Practical Action, The Schumacher Centre, Bourton on Dunsmore, Rugby, Warwickshire, CV23 9QZ, UK T +44 (0)1926 634400 | F +44 (0)1926 634401 | E firstname.lastname@example.org | W www.practicalaction.org ______________________________________________________________________________________________ Practical Action is a registered charity and company limited by guarantee. Company Reg. No. 871954, England | Reg. Charity No.247257 | VAT No. 880 9924 76 | Patron HRH The Prince of Wales, KG, KT, GCB
Newsletters and Booklets
Real Life Story
Local Newsletter for Local Residents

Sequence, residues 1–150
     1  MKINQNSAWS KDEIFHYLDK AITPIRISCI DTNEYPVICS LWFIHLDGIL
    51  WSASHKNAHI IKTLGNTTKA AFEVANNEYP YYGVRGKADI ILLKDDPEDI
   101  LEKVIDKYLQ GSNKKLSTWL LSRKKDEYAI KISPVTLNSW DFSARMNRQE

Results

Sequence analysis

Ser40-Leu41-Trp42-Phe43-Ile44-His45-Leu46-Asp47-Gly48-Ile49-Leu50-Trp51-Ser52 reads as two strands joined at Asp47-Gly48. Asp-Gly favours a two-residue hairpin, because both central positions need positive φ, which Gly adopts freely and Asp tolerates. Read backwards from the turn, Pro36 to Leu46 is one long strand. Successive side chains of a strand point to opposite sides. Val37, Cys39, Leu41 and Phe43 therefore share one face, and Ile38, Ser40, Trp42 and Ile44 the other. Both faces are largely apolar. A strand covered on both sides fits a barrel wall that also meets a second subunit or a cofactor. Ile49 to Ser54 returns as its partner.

In September 2001 the ‘Kitale’ newsletter was first p ublished. This was a new newsletter produced specifically for the residents of Kitale town in Western Kenya. The editor, Mr Otieno Mboya explained the objectives of the newsletter in his first editorial, ‘ To keep residents of Kitale informed about development activities in Kitale and the rest of the country and to provide a forum for organisations and individuals to share experiences, exchange views and up-date the community on their activities’. Kitale is published 3 times a year, and has sections which include local news, opinions from community members and information on a variety of development topics. The newsletter remains very popular amongst residents, but the publishers, Kitale Municipal Council, experience ongoing challenges. The financing of the newsletter remains difficult: efforts to attract advertisers have not proved very successful and a small price to readers has to be charged. Members of the editorial board have to offer their time voluntarily. Collecting material for each issue of the newsletter is also a challenge, although readers are always encouraged to contribute, it can be difficult to get non literate members of the town to contribute. Real life story courtesy of Practical Action East Africa BP-PUP project March 2002 issue of ‘Kitale’